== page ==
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In France

To divorce in France, French Courts must be considered as having “jurisdiction”. Basically, French Courts have jurisdiction for divorce if France is either the habitual residence of the spouses, the last residence of the spouses if one of them still resides there, the habitual residence of the defendant, the habitual residence of either spouse in the case of a joint application, the applicant’s habitual residence if he or she has resided there for at least one year immediately before the application was lodged, or the habitual residence of the applicant if he or she has resided there for at least six months immediately before the application was lodged, or if the spouses are both French nationals. If none of these criteria are met, a French citizen could, among other things, seize a French Court based on his or her French nationality.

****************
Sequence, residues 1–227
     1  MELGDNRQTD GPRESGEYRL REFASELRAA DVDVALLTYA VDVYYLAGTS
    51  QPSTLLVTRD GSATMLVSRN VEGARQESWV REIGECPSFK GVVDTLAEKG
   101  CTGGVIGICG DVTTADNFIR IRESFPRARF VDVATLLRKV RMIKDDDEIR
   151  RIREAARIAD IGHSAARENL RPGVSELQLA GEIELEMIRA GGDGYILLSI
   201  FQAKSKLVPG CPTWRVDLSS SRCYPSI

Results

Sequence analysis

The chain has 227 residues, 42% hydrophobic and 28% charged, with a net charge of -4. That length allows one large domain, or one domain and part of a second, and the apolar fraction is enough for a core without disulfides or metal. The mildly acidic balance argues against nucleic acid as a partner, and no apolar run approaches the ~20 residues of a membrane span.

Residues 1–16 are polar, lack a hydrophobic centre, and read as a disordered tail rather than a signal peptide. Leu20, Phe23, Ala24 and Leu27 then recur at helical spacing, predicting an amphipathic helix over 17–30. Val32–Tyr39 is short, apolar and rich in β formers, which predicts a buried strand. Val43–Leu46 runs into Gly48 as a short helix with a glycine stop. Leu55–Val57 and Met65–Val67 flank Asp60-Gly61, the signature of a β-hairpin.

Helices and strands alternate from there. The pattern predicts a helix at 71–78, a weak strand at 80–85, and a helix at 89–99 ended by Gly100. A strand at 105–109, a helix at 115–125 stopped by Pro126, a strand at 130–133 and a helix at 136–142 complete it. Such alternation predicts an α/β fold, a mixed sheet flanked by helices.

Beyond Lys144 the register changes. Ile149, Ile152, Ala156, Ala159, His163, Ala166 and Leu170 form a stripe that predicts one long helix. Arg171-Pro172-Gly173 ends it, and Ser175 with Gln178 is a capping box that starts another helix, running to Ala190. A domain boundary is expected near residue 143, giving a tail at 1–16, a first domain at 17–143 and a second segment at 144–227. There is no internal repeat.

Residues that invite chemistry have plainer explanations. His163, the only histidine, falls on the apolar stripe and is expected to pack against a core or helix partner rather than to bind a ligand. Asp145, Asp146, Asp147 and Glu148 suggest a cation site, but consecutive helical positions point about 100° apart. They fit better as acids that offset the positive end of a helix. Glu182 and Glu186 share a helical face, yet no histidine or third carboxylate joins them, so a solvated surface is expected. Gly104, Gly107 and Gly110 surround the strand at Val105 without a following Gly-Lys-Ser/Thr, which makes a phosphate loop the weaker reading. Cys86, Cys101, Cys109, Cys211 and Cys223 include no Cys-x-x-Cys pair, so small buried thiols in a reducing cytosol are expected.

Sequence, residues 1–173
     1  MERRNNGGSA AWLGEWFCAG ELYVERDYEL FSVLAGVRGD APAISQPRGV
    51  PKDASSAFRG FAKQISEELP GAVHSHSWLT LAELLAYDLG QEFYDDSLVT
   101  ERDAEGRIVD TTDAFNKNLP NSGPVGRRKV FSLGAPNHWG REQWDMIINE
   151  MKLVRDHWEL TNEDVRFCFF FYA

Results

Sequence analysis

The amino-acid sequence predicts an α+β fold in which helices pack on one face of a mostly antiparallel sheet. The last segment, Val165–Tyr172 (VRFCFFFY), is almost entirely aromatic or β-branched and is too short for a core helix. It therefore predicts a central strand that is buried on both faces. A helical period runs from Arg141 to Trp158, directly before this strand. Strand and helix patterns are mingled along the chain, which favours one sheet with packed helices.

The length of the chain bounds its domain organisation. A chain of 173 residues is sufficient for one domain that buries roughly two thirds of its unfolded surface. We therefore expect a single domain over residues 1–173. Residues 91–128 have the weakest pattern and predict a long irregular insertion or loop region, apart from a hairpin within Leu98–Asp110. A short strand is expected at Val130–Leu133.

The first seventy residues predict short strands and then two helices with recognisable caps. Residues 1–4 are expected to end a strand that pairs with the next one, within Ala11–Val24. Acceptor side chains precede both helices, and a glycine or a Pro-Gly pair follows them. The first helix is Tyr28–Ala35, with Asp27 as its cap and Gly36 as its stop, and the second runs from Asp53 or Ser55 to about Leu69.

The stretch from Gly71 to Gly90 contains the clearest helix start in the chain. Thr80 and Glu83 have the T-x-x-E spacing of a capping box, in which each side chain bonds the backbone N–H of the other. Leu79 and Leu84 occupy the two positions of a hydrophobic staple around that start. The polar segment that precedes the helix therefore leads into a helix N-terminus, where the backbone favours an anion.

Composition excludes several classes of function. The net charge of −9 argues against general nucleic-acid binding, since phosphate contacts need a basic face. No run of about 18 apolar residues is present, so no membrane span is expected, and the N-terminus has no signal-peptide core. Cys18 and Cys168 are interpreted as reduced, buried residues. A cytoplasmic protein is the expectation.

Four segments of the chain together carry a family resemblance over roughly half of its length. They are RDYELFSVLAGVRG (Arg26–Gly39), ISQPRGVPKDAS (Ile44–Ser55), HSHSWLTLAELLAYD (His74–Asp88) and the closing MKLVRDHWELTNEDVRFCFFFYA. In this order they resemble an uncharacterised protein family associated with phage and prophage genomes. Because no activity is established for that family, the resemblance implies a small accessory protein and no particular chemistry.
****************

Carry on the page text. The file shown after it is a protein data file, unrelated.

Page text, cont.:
In France, you can divorce on four separate grounds, which are mutual consent (whereby the spouses contractually agree to the divorce and all its consequences), the acceptance of the principle of marital breakdown, fault (defined as a series of actions which rendered the continuing of married life intolerable) and breakdown of communal life (evidenced by a two-year separation period between the spouses, becoming a one- year separation rule on September 2020).

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